Hvad folk siger - Skriv en anmeldelse
Vi har ikke fundet nogen anmeldelser de normale steder.
Andre udgaver - Se alle
appears authority become believe called cause character Chatham Church circumstances colleges common considered course death direct doubt Duke duty effect England equally existence expression eyes fact feeling fever force friends give given hand head heart hope House human important influence interest islands Italy kind King learned least less letter living look Lord manner matter means mentioned mind ministers mortality nature never object observations once opinion original passed perhaps period picture Pitt political practical present principles probably produced question Raphael reason received religion remains remarkable respect Rome says seems seen society spirit supposed things thought tion true truth vine walls whole write young
Side 72 - The various modes of worship, which prevailed in the Roman world, were all considered by the people, as equally true; by the philosopher, as equally false; and by the magistrate, as equally useful.
Side 385 - And now, what time ye all may read through dimming tears his story, How discord on the music fell and darkness on the glory, And how when, one by one, sweet sounds and wandering lights departed, He wore no less a loving face because so brokenhearted, He shall be strong to sanctify the poet's high vocation.
Side 264 - I call upon the honour of your Lordships, to reverence the dignity of your ancestors, and to maintain your own: I call upon the spirit and humanity of my country, to vindicate the national character : I invoke the genius of the constitution.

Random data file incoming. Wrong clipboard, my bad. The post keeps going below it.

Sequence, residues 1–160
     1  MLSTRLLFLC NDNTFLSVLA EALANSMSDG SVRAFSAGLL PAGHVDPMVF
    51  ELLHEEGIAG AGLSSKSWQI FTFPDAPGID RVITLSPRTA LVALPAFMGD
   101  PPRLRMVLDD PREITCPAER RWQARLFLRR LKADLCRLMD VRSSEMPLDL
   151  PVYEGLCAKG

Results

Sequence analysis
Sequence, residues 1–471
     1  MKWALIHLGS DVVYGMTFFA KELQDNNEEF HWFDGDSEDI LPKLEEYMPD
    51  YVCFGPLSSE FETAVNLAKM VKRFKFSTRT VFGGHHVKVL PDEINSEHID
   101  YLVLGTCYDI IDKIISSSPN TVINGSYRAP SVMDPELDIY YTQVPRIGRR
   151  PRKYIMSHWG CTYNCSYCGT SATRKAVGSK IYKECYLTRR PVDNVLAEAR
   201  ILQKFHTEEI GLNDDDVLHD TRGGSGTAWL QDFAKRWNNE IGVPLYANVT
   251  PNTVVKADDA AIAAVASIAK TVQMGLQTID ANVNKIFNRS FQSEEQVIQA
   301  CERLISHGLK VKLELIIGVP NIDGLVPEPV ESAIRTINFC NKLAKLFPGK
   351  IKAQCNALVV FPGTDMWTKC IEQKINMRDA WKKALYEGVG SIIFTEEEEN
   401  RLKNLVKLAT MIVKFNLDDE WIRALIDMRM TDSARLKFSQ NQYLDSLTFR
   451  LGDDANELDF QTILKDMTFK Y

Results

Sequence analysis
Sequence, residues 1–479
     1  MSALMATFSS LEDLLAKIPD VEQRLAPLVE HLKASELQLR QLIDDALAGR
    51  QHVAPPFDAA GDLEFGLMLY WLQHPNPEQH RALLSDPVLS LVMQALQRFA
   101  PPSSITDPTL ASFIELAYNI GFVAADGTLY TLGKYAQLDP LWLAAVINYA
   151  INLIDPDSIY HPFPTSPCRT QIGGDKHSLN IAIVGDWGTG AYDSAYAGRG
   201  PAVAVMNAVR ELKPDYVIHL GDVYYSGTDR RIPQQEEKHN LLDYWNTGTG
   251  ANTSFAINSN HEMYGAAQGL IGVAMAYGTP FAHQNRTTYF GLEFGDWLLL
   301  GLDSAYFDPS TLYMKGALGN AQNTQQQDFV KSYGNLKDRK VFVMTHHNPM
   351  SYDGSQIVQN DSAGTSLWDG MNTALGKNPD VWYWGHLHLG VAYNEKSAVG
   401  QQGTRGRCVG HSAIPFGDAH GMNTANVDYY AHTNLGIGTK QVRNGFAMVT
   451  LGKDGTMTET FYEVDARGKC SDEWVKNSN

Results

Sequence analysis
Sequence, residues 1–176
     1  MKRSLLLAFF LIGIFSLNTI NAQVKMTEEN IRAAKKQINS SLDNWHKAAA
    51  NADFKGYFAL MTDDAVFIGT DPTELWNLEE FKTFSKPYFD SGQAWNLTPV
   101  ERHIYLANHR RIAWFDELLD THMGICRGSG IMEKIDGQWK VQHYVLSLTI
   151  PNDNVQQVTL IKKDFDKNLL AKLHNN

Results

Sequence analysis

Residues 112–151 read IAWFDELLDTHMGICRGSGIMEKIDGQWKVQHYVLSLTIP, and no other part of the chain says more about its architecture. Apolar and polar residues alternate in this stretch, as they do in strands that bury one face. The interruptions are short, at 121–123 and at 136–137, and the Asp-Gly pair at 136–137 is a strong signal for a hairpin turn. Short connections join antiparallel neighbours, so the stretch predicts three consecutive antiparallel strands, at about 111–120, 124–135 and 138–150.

Side 180 - Have always therefore printed in your remembrance, how great a treasure is committed to your charge. For they are the sheep of Christ, which he bought with his death, and for whom he shed his blood.
Side 484 - I could hear, was no longer a maddening discord, but a melting one; like inarticulate cries, and sobbings of a dumb creature, which in the ear of Heaven are prayers. The poor Earth, with her poor joys, was now my needy Mother, not my cruel Stepdame; Man, with his so mad Wants and so mean Endeavours, had become the dearer to me ; and even for his sufferings and his sins, I now first named him Brother. Thus was I standing in the porch of that 'Sanctuary of Sorrow,' by strange, steep ways had I too...
Side 264 - That God and nature put into our hands!" I know not what ideas that lord may entertain of God and nature, but I know that such abominable principles are equally abhorrent to religion and humanity. What ! to attribute the sacred sanction of God and nature to the massacres of the Indian scalpingknife — to the cannibal savage torturing, murdering...
Side 180 - Scriptures, and with a life agreeable to the same; consider how studious ye ought to be in reading and learning the Scriptures, and in framing the manners, both of yourselves and of them that specially pertain unto you, according to the rule of the same Scriptures; and for this self-same cause, how ye ought to forsake and set aside (as much as you may) all worldly cares and studies.
Side 385 - May feel the heart's decaying, — It is a place where happy saints May weep amid their praying : Yet let the grief and humbleness, As low as silence, languish ! Earth surely now may give her calm To whom she gave her anguish.
Side 124 - One is greatly struck at the place he occupies in the writings of all the great medical authors at the end of the seventeenth and beginning of the eighteenth centuries. Morton, Willis, Boerhaave, Gaubius, Bordeu, etc., always speak of him as second in sagacity to ' the divine Hippocrates